I go to the second question you seem to have asked me in gestures and in phrases. Given his rather reckless adventures in romance, is your brother not loving too much, or too hard?
You may laugh at my response, but I think it may be the opposite. What he truly loves, he cannot possess. And to compensate for this, he turns to those companionships that will not reject him. Do you know what I mean? Rather than being rejected by what he considers pure, noble, and ideal, he prefers to dwell within the comfort zone of those who will accept him.
It sounds trite but it is often true. Men offer love for intimacy, while women provide intimacy in return for what they perceive is love. While women learn early enough not to extend expectations based on this reality, men take a little longer. But then again, for some reason, women, who I submit are smarter than men, seem to have a blind spot in matters of the heart. Both for your and my peace of mind, I sincerely hope you learn from the mistakes of your parents and heed the lessons of history.
On that note, you should probably just give your brother a little more time.
Which brings us to a third question, which you have asked in many forms: If it comes to such a point, do I follow my head or my heart, when I feel like falling in love with someone?
The only way I can answer such a query (which I hope doesn't translate to reality in the near future) is notwithstanding all the fear generated in me (and most probably your mother as well), I go so far as to say this: If you dare to love someone whom you feel in your heart of hearts deserves such love, you will not regret it. Scary words from a scared dad, but engraved in stone. Ironically, not all the purest and noblest intentions will assure that you will have made the right choice. For in matters of love, who can tell, until the day we die, whether or not we have made the right choice?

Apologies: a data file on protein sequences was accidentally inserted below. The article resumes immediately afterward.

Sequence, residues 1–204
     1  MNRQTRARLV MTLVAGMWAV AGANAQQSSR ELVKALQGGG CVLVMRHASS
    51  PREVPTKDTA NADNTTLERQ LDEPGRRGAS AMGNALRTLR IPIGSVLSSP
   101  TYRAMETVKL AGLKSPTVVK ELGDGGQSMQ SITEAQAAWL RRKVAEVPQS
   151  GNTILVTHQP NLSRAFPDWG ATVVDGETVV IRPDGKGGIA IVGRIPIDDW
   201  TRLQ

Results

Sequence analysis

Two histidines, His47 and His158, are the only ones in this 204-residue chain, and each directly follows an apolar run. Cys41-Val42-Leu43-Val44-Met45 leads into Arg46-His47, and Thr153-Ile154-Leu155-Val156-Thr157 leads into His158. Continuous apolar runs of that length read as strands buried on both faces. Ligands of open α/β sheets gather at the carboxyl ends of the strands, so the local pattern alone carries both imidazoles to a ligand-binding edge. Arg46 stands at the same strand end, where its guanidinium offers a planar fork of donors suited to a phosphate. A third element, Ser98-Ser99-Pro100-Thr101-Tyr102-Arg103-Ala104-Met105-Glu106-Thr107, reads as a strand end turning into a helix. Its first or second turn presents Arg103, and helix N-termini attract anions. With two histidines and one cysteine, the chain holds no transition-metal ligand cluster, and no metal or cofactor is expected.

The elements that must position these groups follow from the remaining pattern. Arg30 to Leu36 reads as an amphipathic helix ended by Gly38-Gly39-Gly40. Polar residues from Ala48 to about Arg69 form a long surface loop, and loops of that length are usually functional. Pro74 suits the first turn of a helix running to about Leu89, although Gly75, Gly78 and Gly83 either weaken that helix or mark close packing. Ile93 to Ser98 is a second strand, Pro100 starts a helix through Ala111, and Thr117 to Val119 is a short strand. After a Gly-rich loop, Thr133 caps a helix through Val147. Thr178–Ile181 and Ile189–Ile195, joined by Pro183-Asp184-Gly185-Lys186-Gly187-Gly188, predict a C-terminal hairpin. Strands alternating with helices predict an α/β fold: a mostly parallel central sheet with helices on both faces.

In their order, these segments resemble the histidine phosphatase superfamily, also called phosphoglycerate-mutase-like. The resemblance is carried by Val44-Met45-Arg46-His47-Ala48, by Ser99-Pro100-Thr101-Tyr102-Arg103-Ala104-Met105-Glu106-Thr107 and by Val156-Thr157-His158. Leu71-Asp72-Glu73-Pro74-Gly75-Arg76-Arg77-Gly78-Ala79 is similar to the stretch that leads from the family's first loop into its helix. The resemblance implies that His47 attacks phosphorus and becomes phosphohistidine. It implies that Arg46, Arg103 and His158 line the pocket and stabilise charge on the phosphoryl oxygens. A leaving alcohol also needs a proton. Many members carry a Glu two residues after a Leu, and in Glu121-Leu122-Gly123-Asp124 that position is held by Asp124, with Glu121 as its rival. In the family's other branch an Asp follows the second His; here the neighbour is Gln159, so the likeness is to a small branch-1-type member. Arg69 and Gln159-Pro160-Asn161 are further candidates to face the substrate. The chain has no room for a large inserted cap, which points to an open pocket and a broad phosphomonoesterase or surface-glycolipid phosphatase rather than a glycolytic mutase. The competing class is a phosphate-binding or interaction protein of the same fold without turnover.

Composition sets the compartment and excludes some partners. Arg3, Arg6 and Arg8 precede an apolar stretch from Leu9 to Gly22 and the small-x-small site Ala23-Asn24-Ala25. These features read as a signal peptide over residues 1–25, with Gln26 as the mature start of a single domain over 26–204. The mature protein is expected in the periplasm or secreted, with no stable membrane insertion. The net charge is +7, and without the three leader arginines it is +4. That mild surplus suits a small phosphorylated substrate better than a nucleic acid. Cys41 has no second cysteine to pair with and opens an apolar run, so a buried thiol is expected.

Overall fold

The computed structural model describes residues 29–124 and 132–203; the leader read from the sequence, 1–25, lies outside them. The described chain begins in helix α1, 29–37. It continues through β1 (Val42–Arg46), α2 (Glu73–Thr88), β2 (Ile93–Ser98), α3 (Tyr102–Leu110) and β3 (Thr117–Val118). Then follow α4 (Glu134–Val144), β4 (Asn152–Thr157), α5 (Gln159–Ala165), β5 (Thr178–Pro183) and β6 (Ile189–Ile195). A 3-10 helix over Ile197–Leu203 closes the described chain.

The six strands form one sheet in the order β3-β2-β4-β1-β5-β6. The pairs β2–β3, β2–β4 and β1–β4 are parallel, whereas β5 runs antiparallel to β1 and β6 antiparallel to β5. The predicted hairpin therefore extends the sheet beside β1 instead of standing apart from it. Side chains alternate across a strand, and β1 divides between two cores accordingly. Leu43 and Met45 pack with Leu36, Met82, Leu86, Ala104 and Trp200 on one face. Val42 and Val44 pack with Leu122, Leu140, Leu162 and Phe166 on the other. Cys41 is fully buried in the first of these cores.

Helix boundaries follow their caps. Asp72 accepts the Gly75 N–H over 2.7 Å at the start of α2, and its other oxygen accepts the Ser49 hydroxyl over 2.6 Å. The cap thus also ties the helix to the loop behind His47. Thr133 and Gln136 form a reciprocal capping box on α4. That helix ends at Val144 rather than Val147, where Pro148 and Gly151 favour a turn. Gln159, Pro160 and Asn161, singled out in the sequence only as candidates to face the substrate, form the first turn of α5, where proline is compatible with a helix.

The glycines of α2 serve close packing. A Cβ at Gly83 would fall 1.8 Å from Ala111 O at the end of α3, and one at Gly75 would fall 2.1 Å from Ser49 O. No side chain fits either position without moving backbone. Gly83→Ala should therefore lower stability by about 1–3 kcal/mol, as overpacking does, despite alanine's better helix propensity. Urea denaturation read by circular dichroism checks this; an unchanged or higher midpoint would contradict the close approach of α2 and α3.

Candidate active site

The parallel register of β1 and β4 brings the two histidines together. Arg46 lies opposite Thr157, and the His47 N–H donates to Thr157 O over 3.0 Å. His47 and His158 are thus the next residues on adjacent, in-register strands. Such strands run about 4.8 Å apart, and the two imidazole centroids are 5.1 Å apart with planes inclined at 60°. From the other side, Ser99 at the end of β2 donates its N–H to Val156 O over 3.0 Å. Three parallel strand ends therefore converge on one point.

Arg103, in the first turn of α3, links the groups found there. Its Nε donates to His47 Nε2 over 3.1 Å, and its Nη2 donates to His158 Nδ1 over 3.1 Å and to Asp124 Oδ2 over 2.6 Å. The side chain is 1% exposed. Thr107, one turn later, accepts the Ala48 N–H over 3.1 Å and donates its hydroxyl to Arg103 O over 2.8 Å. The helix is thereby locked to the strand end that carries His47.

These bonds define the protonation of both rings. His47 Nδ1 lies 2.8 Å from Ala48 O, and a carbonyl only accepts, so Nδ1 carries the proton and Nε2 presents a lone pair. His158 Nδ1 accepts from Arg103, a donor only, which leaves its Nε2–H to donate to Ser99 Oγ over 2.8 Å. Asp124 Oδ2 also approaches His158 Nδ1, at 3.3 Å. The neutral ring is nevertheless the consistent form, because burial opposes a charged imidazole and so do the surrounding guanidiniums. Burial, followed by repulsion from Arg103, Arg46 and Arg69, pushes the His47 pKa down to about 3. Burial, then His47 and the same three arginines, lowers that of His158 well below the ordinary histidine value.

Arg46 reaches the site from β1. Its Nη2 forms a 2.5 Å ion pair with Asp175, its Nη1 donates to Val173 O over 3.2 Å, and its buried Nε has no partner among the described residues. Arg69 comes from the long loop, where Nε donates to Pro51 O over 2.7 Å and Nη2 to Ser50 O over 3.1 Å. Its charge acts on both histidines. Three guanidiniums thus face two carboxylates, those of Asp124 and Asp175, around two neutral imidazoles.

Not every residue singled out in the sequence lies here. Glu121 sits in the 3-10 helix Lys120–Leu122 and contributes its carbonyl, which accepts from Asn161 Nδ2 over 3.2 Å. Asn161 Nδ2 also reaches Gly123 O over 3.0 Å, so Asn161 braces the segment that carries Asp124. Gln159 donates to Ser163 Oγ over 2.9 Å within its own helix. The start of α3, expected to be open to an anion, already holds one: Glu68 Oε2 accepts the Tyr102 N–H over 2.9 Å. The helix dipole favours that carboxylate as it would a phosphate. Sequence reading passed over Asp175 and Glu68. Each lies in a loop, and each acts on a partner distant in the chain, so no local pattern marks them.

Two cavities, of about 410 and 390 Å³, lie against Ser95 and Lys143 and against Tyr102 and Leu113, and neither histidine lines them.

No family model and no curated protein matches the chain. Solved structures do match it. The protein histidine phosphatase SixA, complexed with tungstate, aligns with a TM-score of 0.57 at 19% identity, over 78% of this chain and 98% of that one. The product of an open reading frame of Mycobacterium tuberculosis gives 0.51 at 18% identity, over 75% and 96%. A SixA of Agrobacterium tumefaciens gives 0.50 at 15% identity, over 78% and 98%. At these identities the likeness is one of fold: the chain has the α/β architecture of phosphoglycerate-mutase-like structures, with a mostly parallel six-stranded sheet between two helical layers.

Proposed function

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What I'm trying to say, anak, I guess is that you should not deny yourself the discovery of Life that Love makes possible, but at the same time not be overwhelmed by the crests and troughs of the rollercoaster that is Love. It is one of the truly defining experiences of our existence, but it comes at a great price: Love consumes you, and if you allow it to do so, it overcomes you pitilessly, remorselessly, till you are but an empty shell.
If I sound too passionate about a subject, it is only because I know the time is soon coming when you will fall in love. At least, you can fall back on your father's feeble words.
Promise you'll tell me if and when you do fall in love, OK? I just want to see the guy. Grrr.
I'm very lucky to have such a wonderful daughter like you, I love you and I miss you always.
Please kiss sabay hug your bros for me OK? Happy Valentine's Day!
(Editor's note: Noel Bautista is Papa to Nicole, who is turning 17. Noel calls himself "an accidental migrant" in Wellington, New Zealand. This is his "love letter" to his daughter.)